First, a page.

Godblind is a grimdark fantasy novel that has been on my ‘to be read’ list since it came out this time last year. I was first attracted by the gorgeous cover and then read lots of rave reviews. But a year after it released, I still hadn’t quite got around to reading Godblind. 
Then I read two of the author’s short stories in two different places: Flesh and Coin in Art of War anthology and Just a Little Murder in issue 15 of Grimdark Magazine and was completely sold. Godblind got bumped up my TBR pile!

And it did not disappoint. Godblind is a fast-paced story told from multiple (and I mean multiple!) points of view. The people of the country of Rilpor worship two benevolent Gods, but that wasn’t always the case. Almost one thousand years before, the brutal, bloodthirsty Red Gods ruled the land. They were banished, along with their remaining followers, out of Rilpor and into the mountains. The peaceful Gods created a veil to keep the Red Gods in their world and prevent them from walking the lands of humans ever again.
And for nearly a century, that’s where they’ve stayed, bitter and brooding and communicating to their followers, the vicious Mireces people, in the mountains through ‘blessed ones’. But now a few events have sparked an opportunity for the Red Gods to reclaim Rilpor and their former glory. And they’re not ones to pass up an opportunity…
The story is told from a few characters on both sides. The Mireces blessed one, High Priestess Lanta, who instigates some gory torture in order to speak with her gods, as well as the new King of the Mireces people. We also hear from Rillirin, a Mireces slave who changes her fate, Crys, a Captain in the army of Rilpor as well as quite a few other characters. A stand-out for me was Dom. A vigilante who lives at the border between the countries of Mireces and Rilpor and fights off the Mireces when they come down from the mountain to raid the Rilpor villages along the edge. 
Dom comes from a tight-knit family and community and is generally a decent guy. But he’s special – he receives visions of the future from the good Gods. It all starts to go a bit tits-up for poor Dom when the Red Gods find a way into his mind…
I enjoyed the action scenes and the dark humour. Each chapter is told from one character’s POV and they switch regularly as the chapters are short and succinct. I appreciated the lack of waffle in this book. We don’t need to follow a character on a long and tedious journey from point a to point b (as is often the case in epic fantasy novels), so time skips forward between chapters. I also liked seeing the story through the eyes of multiple characters.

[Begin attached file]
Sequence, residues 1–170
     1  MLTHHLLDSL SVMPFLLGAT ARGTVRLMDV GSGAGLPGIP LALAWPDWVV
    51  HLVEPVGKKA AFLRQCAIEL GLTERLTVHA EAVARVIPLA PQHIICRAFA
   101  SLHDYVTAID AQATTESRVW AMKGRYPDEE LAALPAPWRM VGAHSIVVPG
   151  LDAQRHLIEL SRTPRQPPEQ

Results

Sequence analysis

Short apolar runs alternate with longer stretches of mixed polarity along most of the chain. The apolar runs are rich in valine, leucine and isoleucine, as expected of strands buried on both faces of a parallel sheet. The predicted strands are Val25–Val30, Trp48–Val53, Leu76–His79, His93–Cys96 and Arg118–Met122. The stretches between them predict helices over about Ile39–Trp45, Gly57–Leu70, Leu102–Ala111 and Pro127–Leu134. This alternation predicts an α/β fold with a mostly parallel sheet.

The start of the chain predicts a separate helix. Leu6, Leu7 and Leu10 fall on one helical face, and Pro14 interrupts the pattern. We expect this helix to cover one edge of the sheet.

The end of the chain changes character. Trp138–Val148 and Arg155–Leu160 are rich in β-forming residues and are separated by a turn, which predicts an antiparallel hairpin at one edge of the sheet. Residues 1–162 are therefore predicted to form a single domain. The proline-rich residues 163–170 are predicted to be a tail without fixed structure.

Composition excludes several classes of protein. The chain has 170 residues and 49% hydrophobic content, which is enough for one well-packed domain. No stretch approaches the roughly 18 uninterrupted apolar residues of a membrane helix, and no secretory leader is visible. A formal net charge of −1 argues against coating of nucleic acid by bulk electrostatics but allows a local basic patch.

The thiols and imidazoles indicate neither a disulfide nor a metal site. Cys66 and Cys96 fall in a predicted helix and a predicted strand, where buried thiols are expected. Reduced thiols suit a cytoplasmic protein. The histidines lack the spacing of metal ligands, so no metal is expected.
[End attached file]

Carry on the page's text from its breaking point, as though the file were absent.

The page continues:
My only small niggles were a couple of plot points that felt a bit unrealistic: the Lanta / Gilda thing and the overhearing of Galtas. And also a couple of weird jumps in time within a chapter e.g. at one point Gilda is watching attackers enter her village and in the next sentence the fighting is done and she’s hidden without any linking sentence like ‘she ran and hid’. It broke the flow for me as I had to go back and re-read to understand/make assumptions about what had happened.
Otherwise, this grimdark epic fantasy is action-packed, bloody and highly entertaining. I read it in a matter of days. Can’t wait for book two, Darksoul.  - Rosalyn Kelly 9/10

9/10 A thrilling, unrelenting and a brilliantly presented debut

Reviews by and Rosalyn Kelly

Godblind reader reviews

from Australia

*Contains some spoilers* There are some good ideas in this book, and some solid world building. There are a couple of twists and turns which keep things interesting. However, there are some sections that simply made me roll my eyes. Some characters acted in ways that were implausible within the context of the story. Corvus believes that his sister switching allegiance to the dark gods will grant her protection from Lanta... who had already brutally sacrificed the queen - who had allegiance to the dark gods. Ash seduces Crys in a way that reads like teenage homoerotic fanfiction. The interaction between Lanta and Gilda is excruciatingly bad. The book is sprinkled with all of these little, jarring immersion breakers. It makes it hard to get into the story. The chronology is clumsy, and the character development is unconvincing. The motivations for certain actions don't always make sense. One scene (readers will know which one) verged on being torture-porn. It was less grimdark and more a gruesome and lazy characterisation of grimdark. I'll probably finish the series, because there is just enough to enjoy in the first book for me to keep going. I wouldn't recommend this book to anyone though.
6/10 ()

7.4/10 from 2 reviews

All Anna Stephens Reviews